UM has received other large donations in recent years

September 13, 2014|Liz Bowie | The Baltimore Sun

The $31 million donation to the University of Maryland, College Park on Friday from a computer tech millionaire was the largest donation in the history of the university, but there have been others nearly as big.

The university has received three $30 million gifts from three individuals in recent years: Robert E. Fischell, a physicist and inventor, gave money to establish the department of bioengineering; A. James Clark, a construction company owner, gave to the school of engineering; and Robert H. Smith, a builder and developer, gave to the business school.

The university also received $10 million from Edward St. John to name the Edward St. John Learning and Teaching Center.

But those donations are dwarfed by the gifts to the Johns Hopkins University. The cumulative sum of more than $1 billion that media magnate and former New York Mayor Michael R. Bloomberg has given to Hopkins is believed to be the greatest amount given by an individual to any university.

In January 2013, Bloomberg gave $350 million, the largest single gift to Hopkins. The bulk of the money will go to fund interdisciplinary work focused on a set of complex global issues.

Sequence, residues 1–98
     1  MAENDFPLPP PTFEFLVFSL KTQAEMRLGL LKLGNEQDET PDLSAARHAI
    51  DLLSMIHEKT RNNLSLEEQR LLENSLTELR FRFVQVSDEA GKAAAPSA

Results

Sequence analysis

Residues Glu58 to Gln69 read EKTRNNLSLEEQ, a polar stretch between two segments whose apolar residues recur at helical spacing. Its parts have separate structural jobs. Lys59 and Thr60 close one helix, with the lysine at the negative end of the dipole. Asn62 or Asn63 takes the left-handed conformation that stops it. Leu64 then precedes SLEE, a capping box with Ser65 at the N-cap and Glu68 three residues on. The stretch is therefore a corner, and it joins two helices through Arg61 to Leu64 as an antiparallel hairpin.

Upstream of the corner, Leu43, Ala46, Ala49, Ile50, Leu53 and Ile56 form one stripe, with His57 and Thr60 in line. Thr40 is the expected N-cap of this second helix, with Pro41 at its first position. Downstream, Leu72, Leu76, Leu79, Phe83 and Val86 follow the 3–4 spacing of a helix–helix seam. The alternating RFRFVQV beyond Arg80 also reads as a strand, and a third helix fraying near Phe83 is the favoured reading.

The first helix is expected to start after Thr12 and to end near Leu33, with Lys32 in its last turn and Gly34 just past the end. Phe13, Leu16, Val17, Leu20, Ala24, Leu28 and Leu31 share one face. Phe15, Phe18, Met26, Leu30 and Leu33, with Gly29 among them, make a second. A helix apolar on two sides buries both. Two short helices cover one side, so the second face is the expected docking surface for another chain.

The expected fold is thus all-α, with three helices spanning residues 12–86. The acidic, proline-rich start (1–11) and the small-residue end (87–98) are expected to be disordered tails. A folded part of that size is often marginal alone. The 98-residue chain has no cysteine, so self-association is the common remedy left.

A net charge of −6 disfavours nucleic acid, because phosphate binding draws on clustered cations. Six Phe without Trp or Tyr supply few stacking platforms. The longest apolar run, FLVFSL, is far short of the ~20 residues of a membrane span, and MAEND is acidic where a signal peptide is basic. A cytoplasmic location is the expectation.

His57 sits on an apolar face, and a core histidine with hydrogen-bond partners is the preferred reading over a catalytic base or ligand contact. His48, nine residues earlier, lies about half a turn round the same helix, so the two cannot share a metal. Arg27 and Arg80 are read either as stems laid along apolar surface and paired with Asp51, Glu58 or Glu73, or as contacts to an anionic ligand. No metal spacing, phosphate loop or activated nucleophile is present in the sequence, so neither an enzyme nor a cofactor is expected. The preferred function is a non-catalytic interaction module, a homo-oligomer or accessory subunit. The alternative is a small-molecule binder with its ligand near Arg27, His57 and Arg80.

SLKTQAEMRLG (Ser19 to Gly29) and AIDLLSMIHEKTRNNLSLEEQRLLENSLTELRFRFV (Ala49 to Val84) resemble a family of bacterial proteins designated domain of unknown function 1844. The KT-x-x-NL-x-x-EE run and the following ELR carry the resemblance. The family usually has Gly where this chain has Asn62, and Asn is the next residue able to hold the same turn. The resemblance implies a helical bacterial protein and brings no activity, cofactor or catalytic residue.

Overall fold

The second largest gift to Hopkins was $150 million, given by Sidney Kimmel to the university and the hospital for cancer research and patient care. There also have been at least three gifts of $100 million each.

The largest single gift from an individual to a college or university was the $600 million given in 2001 to the California Institute of Technology from Gordon and Betty Moore and a foundation in their name, according to the Chronicle of Higher Education.

Small colleges, such as Goucher College in Towson, generally have received much smaller donations, according to the Chronicle. Goucher received its largest donation in 2000, $6 million from Charlotte Killmon Wright Brown, who graduated in 1922.

The gift announced Friday at College Park came from Brendan Iribe, who spent one year at the university in the late 1990s before launching his own company with two fellow students. The money will be used to build a new computer science building with a focus on virtual reality.

liz.bowie@baltsun.com

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